LIAT pilots pullback protest

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A three-day protest by former LIAT employees slated to start tomorrow in Barbados and across the rest of the airline’s network has been placed on hold.

President of the Leeward Islands Airline Pilots Association (LIALPA) Patterson Thompson said Thursday night that he took the decision not to go ahead with the picketing at this time due to time constraints in pulling off a properly-organised demonstration across the region.

“Given the rush and the limited time, we decided to postpone the planned picketing. This would now give us enough time to properly plan it and better engage all the COPs [commissioners of police] and get feedback,” Thompson told Barbados TODAY.

The ex-workers are demanding urgent payment of the EC$120 million (US$44.4 million) in entitlements due to them since being severed almost two years ago.

In a letter dated January 6, 2022 and addressed to the Barbados Commissioner of Police Richard Boyce seeking permission to stage a peaceful protest near the Grantley Adams International Airport on Friday, Saturday and Sunday, Thompson informed him it was to draw attention to the long-suffering plight of the terminated LIAT workers who have been without their entitlements for the last 20 months.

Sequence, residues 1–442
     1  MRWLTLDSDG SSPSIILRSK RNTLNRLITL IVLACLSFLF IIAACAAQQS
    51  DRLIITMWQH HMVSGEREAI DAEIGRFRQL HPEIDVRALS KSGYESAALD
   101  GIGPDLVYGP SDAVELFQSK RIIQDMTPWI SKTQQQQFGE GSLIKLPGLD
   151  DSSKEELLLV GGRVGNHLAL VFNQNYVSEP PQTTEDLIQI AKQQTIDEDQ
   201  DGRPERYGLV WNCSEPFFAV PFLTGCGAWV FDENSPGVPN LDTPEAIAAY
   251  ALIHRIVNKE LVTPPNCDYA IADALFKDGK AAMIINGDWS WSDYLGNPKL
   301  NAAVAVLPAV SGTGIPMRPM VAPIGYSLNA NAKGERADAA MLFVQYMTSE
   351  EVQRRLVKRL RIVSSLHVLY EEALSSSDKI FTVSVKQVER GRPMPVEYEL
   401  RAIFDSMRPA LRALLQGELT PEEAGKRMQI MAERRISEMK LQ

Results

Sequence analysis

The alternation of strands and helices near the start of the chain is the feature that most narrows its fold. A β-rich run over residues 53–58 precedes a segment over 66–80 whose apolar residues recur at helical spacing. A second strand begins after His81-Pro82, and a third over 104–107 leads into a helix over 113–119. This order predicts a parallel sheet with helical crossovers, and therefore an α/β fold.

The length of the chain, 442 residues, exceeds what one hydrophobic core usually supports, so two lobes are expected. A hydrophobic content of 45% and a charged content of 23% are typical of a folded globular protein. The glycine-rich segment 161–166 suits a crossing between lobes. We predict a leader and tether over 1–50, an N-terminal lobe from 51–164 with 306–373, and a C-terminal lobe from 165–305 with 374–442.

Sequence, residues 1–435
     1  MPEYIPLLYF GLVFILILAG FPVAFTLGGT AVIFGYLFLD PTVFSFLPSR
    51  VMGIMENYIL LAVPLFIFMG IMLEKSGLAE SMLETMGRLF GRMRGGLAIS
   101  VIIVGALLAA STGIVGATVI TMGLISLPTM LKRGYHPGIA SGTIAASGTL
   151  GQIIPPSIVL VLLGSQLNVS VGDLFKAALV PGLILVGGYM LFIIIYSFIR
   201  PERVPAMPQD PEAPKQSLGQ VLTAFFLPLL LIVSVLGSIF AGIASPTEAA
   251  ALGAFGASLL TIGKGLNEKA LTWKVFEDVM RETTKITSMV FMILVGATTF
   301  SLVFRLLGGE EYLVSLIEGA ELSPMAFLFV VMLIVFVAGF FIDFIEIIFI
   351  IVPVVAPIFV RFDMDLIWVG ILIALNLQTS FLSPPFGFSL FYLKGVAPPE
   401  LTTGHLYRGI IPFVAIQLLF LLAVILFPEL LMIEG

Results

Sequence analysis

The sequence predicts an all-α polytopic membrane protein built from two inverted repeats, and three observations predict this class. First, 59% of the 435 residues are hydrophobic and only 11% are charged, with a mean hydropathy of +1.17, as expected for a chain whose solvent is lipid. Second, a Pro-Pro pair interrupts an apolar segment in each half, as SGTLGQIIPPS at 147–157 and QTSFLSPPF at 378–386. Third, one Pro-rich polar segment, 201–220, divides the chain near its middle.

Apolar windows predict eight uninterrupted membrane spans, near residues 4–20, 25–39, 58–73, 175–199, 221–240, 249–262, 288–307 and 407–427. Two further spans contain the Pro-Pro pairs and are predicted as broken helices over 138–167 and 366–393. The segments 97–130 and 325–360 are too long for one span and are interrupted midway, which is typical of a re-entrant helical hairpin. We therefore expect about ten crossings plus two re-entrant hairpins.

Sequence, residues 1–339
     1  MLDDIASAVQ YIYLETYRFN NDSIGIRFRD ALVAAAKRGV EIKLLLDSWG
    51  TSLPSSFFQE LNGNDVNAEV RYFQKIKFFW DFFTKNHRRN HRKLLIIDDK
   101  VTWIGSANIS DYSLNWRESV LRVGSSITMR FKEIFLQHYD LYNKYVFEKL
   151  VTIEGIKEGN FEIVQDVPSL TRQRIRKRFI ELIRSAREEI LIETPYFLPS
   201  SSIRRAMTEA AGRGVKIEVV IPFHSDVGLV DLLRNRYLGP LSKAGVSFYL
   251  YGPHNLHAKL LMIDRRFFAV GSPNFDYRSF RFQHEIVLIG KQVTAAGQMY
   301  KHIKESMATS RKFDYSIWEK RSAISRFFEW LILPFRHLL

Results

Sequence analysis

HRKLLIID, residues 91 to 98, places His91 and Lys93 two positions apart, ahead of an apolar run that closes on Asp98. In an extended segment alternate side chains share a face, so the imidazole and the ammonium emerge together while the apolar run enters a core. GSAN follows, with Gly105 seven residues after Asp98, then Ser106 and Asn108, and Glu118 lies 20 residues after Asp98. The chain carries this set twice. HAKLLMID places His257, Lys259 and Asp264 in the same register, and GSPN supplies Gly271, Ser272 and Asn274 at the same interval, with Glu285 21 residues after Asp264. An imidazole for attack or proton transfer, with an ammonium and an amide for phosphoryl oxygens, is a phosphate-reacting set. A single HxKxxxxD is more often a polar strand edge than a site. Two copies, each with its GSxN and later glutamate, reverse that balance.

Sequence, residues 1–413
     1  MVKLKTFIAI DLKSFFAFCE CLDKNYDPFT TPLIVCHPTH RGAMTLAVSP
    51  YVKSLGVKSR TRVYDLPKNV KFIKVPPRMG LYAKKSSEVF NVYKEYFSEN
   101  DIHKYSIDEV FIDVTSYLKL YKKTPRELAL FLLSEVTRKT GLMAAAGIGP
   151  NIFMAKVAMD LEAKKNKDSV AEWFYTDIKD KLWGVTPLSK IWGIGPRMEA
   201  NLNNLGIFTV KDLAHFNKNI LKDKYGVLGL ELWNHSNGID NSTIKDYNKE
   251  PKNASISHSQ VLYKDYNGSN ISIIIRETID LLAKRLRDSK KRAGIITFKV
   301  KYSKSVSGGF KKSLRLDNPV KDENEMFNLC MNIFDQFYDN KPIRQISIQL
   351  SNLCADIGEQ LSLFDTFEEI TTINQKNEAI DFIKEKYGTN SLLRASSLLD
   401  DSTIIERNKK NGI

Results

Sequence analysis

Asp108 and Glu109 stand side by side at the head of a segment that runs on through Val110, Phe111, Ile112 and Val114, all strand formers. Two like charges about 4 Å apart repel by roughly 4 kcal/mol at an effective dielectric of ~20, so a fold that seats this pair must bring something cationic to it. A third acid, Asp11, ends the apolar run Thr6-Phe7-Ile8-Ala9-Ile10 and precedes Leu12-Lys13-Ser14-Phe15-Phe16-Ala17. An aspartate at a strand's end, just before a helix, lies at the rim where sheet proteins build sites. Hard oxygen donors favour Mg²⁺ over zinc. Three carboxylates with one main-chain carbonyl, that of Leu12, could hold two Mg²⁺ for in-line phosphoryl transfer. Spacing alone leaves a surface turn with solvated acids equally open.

“The Leeward Islands Airline Pilots’ Association is respectfully seeking permission to demonstrate/picket on or around the Tom Adams and Pug’s Rum Shop roundabouts leading to the Grantley Adams International Airport on the 14, 15 and 16 January, 2022,” the correspondence read in part.

“We intend to picket during the hours of 2 to 6 p.m. on either side of both roundabouts. All social distancing and mask mandates will be enforced by the individuals demonstrating/picketing. We estimate 30 members will be picketing between the two roundabouts,” the LIALPA leader wrote.

A similar letter was also written to Head of the COVID-19 Monitoring Unit Ronald Chapman on the same date.

The approximately 500 former employees of the cash-strapped regional carrier, which is currently operating limited flights, have been agitating for their entitlements since losing their jobs when the COVID-19 pandemic curtailed travel and impacted LIAT’s bottomline.

Prime Minister Gaston Browne has offered a “compassionate settlement” of 50 per cent of the ex-airline workers’ severance, payable in cash, lands and bonds, or a combination of those options.

But recently, the LIALPA president insisted that neither that offer nor the $2,000 per month advance being given to the Barbados-based LIAT staff by Prime Minister Mia Mottley go far enough to deal with the ex-workers situation which was getting progressively more dire.

The advance is to be paid back at a future date from any eventual severance settlement.

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